In 2016 Tuulikki undertook a month-long residency in Kochi, India, to develop a work for the 3rd Kochi-Muziris Biennale. There the artist began to realise the possibility of incorporating movement into her masquerade. She was introduced to Kapila Venu, a renowned practitioner of kutiyattam, a form of dramatic musical performance that involves storytelling through gestures of the hands and eyes. ‘Kapila taught me the Nadi Varnana, a sequence of codified gestures representing a river’, the artist recalls. Nurturing a ‘tacit knowledge of the kutiyattam tradition’, Tuulikki created SOURCEMOUTH : LIQUIDBODY (2016), a three-channel film and sound installation, which incorporates choreography, vocal composition, costume and a visual score FIG.6. She adapted the movements learnt from Venu into a trio of filmed performances: one utilising her body FIG.7, another her eyes FIG.8 and the third FIG.9 her mouth. In each, Tuulikki, with her body painted silver, traces the various stages of a river’s course from source to sea. In the first film, this is evoked through fluvial hand gestures; in the second, the camera focuses closely on her eyes as they perform dramatic movements that signify the same transition. In the final film, the artist’s disembodied mouth delivers a series of vocal incantations, which act as instructions for the bodily mimicry of the other two films: ‘take your eyes to the top of the high mountain, trace the summit with your fingers, open the brow, wait for the rain to fall’.

In establishing what would become long-running preoccupations with vocal and bodily mimesis respectively, Away with the birds and SOURCEMOUTH : LIQUIDBODY can be considered as pivotal works for Tuulikki. However, when compared to her current output, they arguably lack a certain quality of dissent or anger – of sounding the alarm call on the natural world’s demise. ‘My work has become more and more political since Deer Dancer’, she offers, ‘which is my first piece that engages with the ecological crisis directly’. Deer Dancer FIG.10 is a two-channel film and sound installation that incorporates visual elements such as graphic scores in the form of embossed and debossed prints. Premiering at Edinburgh Art Festival in 2019, it explores traditions of deer mimicry within global folk dances. Tuulikki is particularly interested in how the emulation of deer as a talisman for wildness has been used to codify and concretise certain elements of heteronormative masculinity. Often, these are bound up with a yearning for dominion over nature. Her source material ranges from the Deer Dance of the Yaqui people of Sonora, Mexico, to the Scottish Highland Fling and the Abbots Bromley Horn Dance, which takes place every year in the titular village in Staffordshire.

Inspired by these and other traditional choreographies, Tuulikki performed vocal and dance routines in drag-king-esque costumes that incorporated fake beards and armour FIG.11. Her scores, meanwhile, diagrammatise the steps of her dances, replacing footprints with gold-foiled hoofprints. Deer Dancer partly enacts a certain kind of masculine self-destructiveness, bound up with annihilation of the natural world. But Tuulikki’s embodiment of the animal – which also involved pitch-shifting her voice downwards – also constituted a kind of queering or détournement of such tropes. What comes across most strongly besides the piece’s eco-political aspects is a quality of burlesque or unbinding of gender binaries. This was pre-empted by Tuulikki’s 2016 homage to the mad Irish king Sweeney, cloud-cuckoo-island FIG.12. For this in-situ performance, the artist cavorted on a cliff-top on the Isle of Eigg wearing a mossy beard, offering up a strange high-pitched call to the sea in homage to Sweeney’s fabled mimicry of birds after his derangement in battle.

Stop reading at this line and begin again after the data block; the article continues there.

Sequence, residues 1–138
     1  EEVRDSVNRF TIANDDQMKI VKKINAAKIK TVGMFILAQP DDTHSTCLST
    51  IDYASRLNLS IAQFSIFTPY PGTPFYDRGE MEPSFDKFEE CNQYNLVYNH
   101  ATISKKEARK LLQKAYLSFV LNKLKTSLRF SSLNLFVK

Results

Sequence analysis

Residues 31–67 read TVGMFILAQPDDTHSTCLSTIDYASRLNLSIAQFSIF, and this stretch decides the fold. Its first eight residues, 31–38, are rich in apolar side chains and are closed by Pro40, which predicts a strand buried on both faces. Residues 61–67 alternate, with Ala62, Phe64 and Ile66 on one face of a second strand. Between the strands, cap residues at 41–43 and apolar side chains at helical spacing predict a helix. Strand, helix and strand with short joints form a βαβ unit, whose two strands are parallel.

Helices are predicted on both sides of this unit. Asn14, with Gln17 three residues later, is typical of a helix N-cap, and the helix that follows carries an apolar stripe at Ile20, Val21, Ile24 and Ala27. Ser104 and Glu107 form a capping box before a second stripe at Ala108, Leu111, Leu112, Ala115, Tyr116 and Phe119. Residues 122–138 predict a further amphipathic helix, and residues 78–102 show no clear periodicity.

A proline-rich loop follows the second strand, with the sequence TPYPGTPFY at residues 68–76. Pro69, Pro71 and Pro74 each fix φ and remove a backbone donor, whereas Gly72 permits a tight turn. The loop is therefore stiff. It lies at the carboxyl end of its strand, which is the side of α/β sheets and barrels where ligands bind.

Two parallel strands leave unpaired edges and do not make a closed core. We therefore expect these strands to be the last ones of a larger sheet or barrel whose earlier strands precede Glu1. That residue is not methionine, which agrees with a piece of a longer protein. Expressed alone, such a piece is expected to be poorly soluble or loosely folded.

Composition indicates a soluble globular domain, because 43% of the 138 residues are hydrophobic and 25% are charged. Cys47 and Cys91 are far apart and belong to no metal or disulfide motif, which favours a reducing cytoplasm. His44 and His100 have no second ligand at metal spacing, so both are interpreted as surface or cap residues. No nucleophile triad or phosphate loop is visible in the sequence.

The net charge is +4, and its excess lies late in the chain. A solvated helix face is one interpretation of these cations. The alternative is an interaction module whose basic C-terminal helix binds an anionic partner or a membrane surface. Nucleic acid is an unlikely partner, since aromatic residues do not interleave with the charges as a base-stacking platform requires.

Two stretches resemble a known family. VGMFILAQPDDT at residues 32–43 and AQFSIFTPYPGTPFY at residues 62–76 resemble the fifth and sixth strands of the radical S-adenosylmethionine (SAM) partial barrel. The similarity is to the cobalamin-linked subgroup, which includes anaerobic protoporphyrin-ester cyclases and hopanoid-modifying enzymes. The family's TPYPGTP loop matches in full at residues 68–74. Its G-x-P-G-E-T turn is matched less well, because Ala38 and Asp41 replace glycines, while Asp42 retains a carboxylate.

Tuulikki’s practice took another turn in 2022. An example is Echo in The Dark FIG.13, a silent rave behind Hospitalfield, Arbroath, during which audiences danced to music created from sonic approximations of bat echolocation calls. Here the artist and her collaborator Tommy Perman (b.1980) FIG.14 re-embraced their youthful love of 1990s rave culture, another touchstone she now mentions when talking about the ways in which musical cultures can foster empathetic engagement with other animals – in this case a heaving mass of human bodies. It is uncertain yet whether the artist will return to themes of rave culture; her current research includes the migration of the marsh warbler. 

The ever-burgeoning value placed on Tuulikki’s work is inextricably linked to the increasing urgency of the climate crisis. This can be attributed in particular to the artist’s emphasis on the validity and value of our emotional response to such intractable, troubling themes. This approach does not reflect an anti-intellectualism, but rather an awareness that our own reactions and impressions carry within them forms of intelligence that have been sidelined by Western traditions wedded to linguistic enquiry, rational utilitarianism and human exceptionalism. As Tuulikki puts it, in a paraphrasing of the philosopher Timothy Morton, ‘we can’t think our way out of the ecological crisis. We have to feel our way. Tears are important. But radical hope, too’.3


About the author

Greg Thomas

is a writer based in Glasgow. He is the author of Border Blurs: Concrete Poetry in England and Scotland (2019).


  • Unless otherwise stated all quotations are taken from a conversation between Hanna Tuulikki and the present author, 12th January 2024. footnote 1
  • D. Haraway: When Species Meet, Minneapolis 2008, p.19, emphasis in original. footnote 2
  • See T. Morton: ‘The end of the world has already happened’, BBC Radio 4 (2020), available at, accessed 3rd May 2024. footnote 3

See also

Ilana Halperin: Felt Events
Ilana Halperin: Felt Events

Ilana Halperin: Felt Events

10.08.2022 • Reviews / Books

Art and the climate crisis
Art and the climate crisis

Art and the climate crisis

02.01.2020 • Reviews / Exhibition